World’s Oil Traders Will Be Seeing Lowest Oil Prices

In energy news this month traders and major companies can prepare themselves to see oil prices staying low from now and up for a decade. There are a few factors behind this as well. The Chinese economy is slowing down tremendously and the U.S shale industry is providing a cap on any trading rallies.

It’s going to be difficult to see there being a dramatic price increase any time soon or in the next decade. Prices will eventually bounce back that is a given as the oil industry is inherently a boom and bust cycle. Though it’s not likely any thing will go past around $50 per barrel in the upcoming ten years. Taking a major company as an example to look at is Brent Crude, used as a global benchmark that has been trading at around $33.00 per barrel in early February of 2016.

The longest stretch of low oil prices hasn’t been since the mid 1980’s to late 1990’s. A lot of analysts feel that this is exactly what is going to happen again in the next 10 years seeing another streak of low prices.

Outlook for the Future

Vitol trades around 5 million barrels a day and can cover the oil needs of multiple countries just by itself.  An executive here believes that the price per barrel is going to only level at around $45 to $50 a barrel.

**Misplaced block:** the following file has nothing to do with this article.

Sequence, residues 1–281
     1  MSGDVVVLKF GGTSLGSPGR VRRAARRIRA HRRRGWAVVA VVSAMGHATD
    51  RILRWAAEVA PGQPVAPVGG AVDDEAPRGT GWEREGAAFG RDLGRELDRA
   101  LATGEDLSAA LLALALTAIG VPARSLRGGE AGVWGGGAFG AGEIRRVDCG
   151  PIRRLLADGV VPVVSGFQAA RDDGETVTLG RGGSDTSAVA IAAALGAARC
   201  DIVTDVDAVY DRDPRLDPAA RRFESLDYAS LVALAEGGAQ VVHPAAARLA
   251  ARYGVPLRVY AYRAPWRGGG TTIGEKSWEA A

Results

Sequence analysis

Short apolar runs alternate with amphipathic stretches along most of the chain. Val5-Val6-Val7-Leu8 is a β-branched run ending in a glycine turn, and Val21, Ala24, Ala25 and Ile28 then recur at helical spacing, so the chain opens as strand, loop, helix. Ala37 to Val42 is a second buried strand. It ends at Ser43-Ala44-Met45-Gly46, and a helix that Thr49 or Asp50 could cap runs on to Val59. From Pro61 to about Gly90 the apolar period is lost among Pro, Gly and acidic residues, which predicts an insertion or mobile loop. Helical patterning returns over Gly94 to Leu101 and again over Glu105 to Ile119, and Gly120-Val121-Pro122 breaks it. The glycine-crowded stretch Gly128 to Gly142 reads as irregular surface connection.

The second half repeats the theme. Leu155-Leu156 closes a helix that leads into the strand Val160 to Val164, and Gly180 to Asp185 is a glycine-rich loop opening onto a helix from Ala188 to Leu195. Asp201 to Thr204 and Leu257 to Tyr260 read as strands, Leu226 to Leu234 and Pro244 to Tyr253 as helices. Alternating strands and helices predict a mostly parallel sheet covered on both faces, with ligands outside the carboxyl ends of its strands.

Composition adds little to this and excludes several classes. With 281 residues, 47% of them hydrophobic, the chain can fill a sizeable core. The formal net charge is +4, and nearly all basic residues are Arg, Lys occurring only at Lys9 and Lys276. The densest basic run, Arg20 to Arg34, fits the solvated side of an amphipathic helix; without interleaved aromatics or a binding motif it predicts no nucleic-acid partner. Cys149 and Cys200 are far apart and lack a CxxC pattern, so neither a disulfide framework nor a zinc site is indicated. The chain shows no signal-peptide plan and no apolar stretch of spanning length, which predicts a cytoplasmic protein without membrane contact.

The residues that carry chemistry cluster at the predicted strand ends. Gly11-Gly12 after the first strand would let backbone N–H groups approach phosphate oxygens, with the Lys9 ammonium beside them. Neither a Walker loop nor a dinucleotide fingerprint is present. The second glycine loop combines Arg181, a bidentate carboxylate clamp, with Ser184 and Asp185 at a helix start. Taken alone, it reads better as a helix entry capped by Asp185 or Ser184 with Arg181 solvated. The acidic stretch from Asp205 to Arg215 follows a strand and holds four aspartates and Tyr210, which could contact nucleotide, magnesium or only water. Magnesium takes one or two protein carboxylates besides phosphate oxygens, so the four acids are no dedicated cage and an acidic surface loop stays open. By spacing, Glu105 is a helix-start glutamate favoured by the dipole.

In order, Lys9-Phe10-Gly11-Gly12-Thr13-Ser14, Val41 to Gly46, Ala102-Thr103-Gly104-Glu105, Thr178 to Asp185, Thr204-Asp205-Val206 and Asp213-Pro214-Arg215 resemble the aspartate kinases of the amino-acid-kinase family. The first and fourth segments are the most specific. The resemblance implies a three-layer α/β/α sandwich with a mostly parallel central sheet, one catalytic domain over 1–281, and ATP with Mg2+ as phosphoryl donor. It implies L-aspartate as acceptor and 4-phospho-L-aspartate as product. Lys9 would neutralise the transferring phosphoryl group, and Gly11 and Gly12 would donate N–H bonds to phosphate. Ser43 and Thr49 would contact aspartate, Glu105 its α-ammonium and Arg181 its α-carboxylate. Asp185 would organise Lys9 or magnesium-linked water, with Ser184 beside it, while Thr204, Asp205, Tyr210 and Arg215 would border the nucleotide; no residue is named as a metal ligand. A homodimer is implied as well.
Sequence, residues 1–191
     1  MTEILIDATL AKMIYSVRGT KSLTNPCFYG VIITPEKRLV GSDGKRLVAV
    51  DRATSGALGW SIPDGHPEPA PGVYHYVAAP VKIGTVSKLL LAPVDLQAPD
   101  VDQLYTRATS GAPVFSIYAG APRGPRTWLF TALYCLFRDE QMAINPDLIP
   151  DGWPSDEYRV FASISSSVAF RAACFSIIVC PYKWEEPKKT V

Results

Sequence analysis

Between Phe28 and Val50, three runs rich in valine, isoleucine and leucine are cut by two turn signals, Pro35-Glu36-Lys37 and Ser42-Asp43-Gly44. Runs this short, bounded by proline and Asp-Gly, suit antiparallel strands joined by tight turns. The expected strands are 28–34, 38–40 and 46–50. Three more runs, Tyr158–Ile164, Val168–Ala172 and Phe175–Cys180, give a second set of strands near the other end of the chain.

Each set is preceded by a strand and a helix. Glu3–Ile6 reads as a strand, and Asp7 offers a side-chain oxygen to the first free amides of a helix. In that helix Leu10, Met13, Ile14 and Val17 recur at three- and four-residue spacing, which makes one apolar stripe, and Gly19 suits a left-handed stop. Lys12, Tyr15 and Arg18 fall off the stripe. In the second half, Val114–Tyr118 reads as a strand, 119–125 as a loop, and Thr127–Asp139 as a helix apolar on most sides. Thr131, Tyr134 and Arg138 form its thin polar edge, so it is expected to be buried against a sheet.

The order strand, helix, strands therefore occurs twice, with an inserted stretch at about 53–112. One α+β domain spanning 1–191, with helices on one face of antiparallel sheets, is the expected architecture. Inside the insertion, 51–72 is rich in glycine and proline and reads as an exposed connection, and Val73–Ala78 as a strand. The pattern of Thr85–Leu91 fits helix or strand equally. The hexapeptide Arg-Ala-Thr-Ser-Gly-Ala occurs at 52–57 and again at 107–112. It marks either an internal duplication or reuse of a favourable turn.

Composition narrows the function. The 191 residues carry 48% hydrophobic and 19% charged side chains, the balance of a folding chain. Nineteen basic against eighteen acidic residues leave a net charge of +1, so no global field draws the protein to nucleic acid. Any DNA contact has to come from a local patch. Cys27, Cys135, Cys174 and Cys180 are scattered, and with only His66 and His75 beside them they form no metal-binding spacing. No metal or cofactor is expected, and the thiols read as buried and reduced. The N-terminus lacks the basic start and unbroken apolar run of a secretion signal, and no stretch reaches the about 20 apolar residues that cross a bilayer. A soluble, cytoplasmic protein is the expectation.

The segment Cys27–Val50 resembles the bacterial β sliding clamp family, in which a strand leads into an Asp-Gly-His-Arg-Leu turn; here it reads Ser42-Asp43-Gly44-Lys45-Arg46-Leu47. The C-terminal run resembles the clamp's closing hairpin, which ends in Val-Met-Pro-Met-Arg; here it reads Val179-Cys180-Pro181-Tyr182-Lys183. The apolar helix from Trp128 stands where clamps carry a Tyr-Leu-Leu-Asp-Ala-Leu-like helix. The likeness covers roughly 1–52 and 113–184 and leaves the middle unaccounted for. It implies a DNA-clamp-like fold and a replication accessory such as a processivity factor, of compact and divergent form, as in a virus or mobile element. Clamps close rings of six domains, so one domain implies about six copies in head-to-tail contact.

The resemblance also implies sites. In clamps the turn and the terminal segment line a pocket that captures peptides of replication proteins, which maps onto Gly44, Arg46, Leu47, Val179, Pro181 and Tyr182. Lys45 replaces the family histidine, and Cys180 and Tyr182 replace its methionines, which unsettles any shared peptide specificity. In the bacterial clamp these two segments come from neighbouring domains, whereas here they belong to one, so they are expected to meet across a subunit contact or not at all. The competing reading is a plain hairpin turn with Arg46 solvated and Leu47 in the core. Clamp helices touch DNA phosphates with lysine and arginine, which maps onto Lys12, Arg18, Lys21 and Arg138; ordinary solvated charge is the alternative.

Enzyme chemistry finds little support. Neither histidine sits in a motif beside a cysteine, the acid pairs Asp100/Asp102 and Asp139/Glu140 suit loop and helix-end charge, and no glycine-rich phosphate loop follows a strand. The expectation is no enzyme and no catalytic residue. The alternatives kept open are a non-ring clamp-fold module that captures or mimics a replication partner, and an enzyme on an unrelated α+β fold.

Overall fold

The foreseeable future doesn’t see much in the realm of triple digit oil prices again. This served the Middle Eastern countries and large companies in the United States like Exxon Mobil. The problem right now for prices that is, is the fact that there is so much supply out there of crude oil while at the same time the economy is shifting to utilize that energy better, using less of it.

The combination of these two factors is what has been driving these prices down. That’s why some believe that oil will never even reach $100 again. The biggest demand of oil came from places like China where there is a drastic transitional change in the economy and way of doing things.

There’s also the fact that Iran is entering the market and emerging markets are slowing down not requiring more oil.  On top of all of this is OPEC that in December dropped any form of production limits.

That means that any major country or companies part of the Oil cartel were no longer forced to stop producing and selling off more oil. This is partly due to new countries and places like the United States getting into the game and a way to drive them out of the competition.

On top of this are new methods are getting oil out of the ground and better more efficient ways to refine it.  All of these separate economic forces are bringing the price down and keeping it there as well making for the next long streak of low oil prices.